LONDON (Reuters) - Hundreds of British bakers wearing chefs hats and carrying placards converged on Prime Minister David Cameron’s official residence on Thursday to say his plan for higher sales tax on their products was half baked.
Waving placards emblazoned with “Save our savories. Say no to VAT”, the bakers stepped up the battle against a proposed “pasty tax” by bringing with them petitions signed by nearly half a million Britons demanding the government scrap plans to slap a 20 percent sales tax on fresh-baked foods that are sold warm, and are popular everyday quick meals for workers.
The proposed tax has been derided publicly and by the media as showing how out of touch Cameron’s Conservative-led government is, especially after an attempt by Cameron to portray himself as a pasty-eating man of the people backfired last month.
The tax, proposed in finance minister George Osborne’s Budget speech last month, would be levied from October 1 on products currently zero-rated, such as sausage rolls, pies and pasties - pastry pockets with a savory filling - that are sold at “above ambient air temperature”.
“If the government think that this is a sensible thing to do they are completely out of touch,” Ken McMeikan, chief executive of Greggs, Britain’s largest food-on-the-go retailer with 1,550 stores, told Reuters.
“I cannot think of a worse time for the government to consider forcing ordinary, hard-working people to pay 20 percent more for popular, everyday food, especially with the news yesterday that the country is now officially in a double dip recession,” he said.
“We are fighting and we will go down to the bitter end on this,” added McMeikan, a former Tesco and Sainsbury’s executive and Royal Navy veteran of the Falklands War.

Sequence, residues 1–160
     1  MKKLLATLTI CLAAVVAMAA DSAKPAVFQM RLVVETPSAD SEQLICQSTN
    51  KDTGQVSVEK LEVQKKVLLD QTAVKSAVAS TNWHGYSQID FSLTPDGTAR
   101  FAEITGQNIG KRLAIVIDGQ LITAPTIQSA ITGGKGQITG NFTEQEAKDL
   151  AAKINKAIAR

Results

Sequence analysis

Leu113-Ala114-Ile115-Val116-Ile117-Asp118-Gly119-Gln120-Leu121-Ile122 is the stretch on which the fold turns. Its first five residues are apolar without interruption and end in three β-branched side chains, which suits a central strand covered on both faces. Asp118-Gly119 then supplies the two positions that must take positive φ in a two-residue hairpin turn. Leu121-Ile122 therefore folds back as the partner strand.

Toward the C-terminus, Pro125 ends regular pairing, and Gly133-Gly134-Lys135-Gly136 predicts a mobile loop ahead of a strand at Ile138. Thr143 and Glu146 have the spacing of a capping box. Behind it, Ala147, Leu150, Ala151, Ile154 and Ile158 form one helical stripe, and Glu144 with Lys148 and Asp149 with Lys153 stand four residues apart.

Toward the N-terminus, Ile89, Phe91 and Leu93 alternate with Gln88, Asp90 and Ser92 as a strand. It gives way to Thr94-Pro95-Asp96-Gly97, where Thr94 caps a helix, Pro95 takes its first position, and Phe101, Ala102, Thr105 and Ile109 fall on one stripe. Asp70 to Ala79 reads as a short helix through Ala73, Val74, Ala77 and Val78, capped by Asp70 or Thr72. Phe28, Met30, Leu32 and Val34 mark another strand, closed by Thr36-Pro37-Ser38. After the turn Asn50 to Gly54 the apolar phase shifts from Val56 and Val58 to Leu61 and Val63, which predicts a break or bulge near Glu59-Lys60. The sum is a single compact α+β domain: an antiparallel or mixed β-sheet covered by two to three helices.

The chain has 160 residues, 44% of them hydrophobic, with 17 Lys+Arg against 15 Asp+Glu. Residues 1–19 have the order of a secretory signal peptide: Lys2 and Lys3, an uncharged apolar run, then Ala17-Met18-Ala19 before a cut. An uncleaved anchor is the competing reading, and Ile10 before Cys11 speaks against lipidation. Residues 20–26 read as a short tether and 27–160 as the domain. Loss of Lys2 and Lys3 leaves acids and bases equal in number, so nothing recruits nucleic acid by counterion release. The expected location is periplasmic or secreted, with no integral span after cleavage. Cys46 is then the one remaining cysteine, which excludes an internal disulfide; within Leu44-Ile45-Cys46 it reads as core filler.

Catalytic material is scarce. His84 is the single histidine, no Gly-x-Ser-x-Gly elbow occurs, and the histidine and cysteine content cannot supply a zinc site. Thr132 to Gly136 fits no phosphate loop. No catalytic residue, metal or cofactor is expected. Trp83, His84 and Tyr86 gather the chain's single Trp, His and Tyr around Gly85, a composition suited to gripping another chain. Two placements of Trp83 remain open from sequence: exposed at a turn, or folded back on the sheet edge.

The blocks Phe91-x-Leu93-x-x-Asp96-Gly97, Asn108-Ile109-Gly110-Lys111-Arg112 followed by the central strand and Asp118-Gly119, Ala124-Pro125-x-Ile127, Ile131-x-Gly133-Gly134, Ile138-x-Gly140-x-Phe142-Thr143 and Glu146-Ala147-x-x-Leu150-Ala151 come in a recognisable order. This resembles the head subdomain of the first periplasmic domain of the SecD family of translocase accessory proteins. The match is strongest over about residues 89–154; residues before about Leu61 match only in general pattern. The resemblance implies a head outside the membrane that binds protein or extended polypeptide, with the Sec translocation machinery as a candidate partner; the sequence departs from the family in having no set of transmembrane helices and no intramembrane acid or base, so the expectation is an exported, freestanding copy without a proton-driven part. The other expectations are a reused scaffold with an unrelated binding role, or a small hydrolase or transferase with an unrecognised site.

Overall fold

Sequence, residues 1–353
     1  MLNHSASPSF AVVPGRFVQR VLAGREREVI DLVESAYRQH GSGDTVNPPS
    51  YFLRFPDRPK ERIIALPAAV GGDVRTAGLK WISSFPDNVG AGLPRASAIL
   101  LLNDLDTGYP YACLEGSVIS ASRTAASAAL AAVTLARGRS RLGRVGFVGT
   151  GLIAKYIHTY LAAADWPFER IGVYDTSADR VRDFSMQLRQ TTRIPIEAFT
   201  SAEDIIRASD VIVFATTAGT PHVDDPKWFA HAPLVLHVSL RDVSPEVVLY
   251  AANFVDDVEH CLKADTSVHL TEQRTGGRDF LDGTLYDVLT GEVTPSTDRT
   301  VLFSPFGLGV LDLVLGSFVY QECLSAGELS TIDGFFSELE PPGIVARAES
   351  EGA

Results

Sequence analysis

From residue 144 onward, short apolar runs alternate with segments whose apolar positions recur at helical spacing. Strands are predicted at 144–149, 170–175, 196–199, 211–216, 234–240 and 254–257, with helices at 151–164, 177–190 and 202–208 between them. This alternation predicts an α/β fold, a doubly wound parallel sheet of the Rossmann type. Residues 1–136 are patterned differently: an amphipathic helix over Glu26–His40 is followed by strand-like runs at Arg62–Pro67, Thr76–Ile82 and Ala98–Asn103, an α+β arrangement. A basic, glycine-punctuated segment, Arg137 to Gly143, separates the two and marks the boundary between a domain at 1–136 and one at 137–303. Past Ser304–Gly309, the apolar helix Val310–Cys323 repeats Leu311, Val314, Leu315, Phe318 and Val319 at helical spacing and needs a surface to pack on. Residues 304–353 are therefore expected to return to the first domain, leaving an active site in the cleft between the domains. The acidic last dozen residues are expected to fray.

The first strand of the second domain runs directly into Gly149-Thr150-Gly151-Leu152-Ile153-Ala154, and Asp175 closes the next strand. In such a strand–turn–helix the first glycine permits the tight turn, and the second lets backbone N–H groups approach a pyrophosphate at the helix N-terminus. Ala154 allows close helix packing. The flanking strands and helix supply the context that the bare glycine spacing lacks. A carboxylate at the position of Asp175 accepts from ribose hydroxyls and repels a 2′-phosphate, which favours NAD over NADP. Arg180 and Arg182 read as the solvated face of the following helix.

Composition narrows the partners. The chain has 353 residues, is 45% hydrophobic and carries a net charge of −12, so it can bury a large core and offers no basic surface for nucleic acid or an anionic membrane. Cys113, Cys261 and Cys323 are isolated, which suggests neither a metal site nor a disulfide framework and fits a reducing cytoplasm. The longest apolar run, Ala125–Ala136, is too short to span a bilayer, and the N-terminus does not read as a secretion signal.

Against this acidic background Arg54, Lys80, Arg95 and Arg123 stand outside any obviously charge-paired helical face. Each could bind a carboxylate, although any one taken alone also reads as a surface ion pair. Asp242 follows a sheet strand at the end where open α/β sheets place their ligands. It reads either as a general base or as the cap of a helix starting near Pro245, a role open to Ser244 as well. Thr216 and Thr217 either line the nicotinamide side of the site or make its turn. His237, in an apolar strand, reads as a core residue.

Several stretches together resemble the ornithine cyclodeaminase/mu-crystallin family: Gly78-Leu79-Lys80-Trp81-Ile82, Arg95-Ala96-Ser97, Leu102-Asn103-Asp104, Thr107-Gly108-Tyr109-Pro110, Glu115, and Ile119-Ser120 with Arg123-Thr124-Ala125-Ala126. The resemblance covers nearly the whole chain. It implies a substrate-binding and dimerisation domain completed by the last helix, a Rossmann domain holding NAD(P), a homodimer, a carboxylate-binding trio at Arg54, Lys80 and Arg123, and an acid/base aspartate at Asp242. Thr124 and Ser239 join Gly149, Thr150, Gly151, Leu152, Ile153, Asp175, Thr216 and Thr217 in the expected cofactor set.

The National Association of Master Bakers fears the proposed levy will cause job losses, particularly in Cornwall, southwest England, where the “Cornish pasty” industry is worth more than 150 million pounds ($242 million) a year.
With consumers enduring meager wage growth, government austerity measures and growing job insecurity, opposition to the “pasty tax” has galvanized, even prompting media tycoon Rupert Murdoch to tweet on the matter ahead of his appearance at a media inquiry this week.
Last week the proposed VAT hike was approved by a parliamentary vote despite a sizeable rebellion of the coalition government.
However, the Treasury has extended a consultation period on the tax to May 18, raising opponents’ hopes of a U-turn or possible concessions.
“There is still a chance. They (the Treasury) still have plenty of time to come up with a solution,” said McMeikan, who plans to seek a meeting with Osborne and Cameron.
If the Treasury does stick to its guns he fears the levy will be unenforceable, create more anomalies rather than resolving them, and lead to years of costly litigation.
“What they (the Treasury) haven’t been able to explain is what is ambient air temperature? How do we enforce this? How do we charge customers fairly? And equally how do the Treasury know we are charging it accurately and fairly?,” he said. ($1 = 0.6206 British pounds)
Reporting by James Davey; Editing by Michael Roddy